Unfortunately, I picked the snowiest winter in the last half-century to prove out a solar heating system, so the run time has been less than anticipated! However, when we have sun, the system is producing around 250kBTU per day, which is typically enough energy to heat the guest house this time of year. With multiple sunny days in a row, the high mass of the floor absorbs the heat and slowly releases it back to the living space- so far I have not seen more than a 8 degree change in indoor temperature during sunny periods, and we were able to make it through a cold -30F night without the need for supplemental heat one day last week. Very promising indeed. More later....
Sunday, February 20, 2011
Running on the sun.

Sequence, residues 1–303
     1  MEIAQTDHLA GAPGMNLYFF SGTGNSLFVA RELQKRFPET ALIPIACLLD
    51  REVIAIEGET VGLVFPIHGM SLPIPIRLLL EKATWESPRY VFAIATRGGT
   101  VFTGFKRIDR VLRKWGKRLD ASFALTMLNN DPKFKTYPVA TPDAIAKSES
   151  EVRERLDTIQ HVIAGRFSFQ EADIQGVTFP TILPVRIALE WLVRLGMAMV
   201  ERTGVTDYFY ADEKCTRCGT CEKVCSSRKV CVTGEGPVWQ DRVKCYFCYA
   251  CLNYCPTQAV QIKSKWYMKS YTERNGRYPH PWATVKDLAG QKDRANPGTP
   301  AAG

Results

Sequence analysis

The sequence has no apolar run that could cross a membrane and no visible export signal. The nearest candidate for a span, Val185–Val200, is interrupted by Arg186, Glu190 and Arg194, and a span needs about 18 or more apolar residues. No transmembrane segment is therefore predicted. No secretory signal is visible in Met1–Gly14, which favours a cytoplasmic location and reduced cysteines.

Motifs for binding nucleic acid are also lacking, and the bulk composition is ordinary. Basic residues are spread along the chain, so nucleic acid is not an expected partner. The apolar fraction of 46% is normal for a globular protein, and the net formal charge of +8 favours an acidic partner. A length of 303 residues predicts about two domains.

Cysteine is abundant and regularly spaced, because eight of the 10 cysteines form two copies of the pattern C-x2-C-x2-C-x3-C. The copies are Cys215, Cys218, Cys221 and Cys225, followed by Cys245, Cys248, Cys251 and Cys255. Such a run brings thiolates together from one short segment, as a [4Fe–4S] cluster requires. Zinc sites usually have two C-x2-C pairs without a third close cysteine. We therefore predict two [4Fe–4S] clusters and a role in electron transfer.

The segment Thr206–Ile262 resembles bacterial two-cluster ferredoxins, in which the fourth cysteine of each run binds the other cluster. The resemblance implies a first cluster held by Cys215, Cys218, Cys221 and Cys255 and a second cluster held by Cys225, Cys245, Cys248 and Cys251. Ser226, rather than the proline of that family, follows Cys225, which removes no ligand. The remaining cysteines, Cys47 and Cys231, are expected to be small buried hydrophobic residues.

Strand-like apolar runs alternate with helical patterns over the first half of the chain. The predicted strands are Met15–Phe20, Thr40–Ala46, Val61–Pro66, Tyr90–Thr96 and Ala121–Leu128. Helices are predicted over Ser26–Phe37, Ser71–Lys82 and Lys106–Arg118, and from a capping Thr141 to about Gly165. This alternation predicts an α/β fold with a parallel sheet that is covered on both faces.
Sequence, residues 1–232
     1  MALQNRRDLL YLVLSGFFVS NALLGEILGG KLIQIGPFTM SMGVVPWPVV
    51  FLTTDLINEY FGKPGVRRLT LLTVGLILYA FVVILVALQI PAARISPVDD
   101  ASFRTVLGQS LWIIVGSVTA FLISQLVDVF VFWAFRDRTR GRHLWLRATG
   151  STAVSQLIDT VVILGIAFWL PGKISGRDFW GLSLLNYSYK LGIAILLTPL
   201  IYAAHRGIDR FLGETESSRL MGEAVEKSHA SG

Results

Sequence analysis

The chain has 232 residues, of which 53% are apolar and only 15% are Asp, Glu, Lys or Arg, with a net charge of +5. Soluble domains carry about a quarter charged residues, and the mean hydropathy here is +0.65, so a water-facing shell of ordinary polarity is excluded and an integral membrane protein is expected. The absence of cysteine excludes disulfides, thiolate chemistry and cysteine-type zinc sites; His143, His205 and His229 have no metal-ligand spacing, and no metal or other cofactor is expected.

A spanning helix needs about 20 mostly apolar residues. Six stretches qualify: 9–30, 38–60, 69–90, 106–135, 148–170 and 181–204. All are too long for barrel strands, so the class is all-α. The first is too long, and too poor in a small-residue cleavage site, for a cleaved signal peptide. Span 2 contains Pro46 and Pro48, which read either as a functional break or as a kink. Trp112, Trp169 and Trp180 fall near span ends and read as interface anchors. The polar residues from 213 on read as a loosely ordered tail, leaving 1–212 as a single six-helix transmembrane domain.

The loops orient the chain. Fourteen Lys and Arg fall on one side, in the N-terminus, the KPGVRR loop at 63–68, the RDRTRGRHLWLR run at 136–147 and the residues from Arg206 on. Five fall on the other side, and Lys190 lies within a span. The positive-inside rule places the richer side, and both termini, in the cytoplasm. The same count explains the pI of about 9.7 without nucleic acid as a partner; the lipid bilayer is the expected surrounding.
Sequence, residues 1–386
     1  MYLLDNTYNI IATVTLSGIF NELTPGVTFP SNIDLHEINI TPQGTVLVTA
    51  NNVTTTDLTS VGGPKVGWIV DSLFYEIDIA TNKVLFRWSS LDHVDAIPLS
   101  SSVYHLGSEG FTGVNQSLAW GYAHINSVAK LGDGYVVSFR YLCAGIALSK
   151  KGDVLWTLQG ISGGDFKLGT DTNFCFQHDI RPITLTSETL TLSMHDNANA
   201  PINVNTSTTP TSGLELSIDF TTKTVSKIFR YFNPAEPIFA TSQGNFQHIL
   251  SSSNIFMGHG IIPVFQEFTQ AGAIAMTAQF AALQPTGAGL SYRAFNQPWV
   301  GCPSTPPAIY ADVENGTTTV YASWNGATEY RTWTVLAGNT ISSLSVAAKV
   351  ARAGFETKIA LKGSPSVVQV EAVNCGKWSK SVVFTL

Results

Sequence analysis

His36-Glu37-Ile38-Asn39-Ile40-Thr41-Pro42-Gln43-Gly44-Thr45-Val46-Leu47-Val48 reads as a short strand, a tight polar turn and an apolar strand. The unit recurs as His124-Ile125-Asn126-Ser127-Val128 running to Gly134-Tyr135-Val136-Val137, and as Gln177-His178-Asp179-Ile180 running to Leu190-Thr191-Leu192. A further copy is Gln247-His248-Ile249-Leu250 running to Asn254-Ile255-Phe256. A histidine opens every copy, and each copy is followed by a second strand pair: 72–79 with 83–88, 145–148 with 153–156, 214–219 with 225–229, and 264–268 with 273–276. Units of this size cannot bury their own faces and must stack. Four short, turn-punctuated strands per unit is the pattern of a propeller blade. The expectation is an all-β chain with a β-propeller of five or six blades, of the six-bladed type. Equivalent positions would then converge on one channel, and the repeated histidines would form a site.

The mega solar array has been active for over a month now and I am pleased to report that the everything has been working very well. I designed the barn foundation as a high mass sand bed storage system, capable of receiving the heat from the solar collectors during the day, storing it in the concrete slab/underslab sand bed, and slowly releasing the built-up heat to the living space. The benefit is higher efficiency from the solar collectors (since they are operating at much lower temperatures than a conventional system with tank storage) and it eliminates the cost and space required for the large water storage tank. The downside, however, is not being able to store the solar heat for more than a day or two. I was only able to find a few resources on this method (like here and here), but it seemed well suited for extreme climate areas like ours here at the north pole, where we pretty much need 100% of the heat capacity during the winter months and thus there is no reason to try to store it in a water tank.Here are a few pics of the high mass foundation system during construction, showing the underslab insulation, high mass sand bed, hydronic tubing and finally the concrete floor:Normally, hydronic tubing would be buried in the sand bed as well as the concrete, but here we only have the upper, slab run of tubing...in hindsight, I should've installed it in both areas. The poured slab. The concrete was polished and stained to be used as the finish flooring.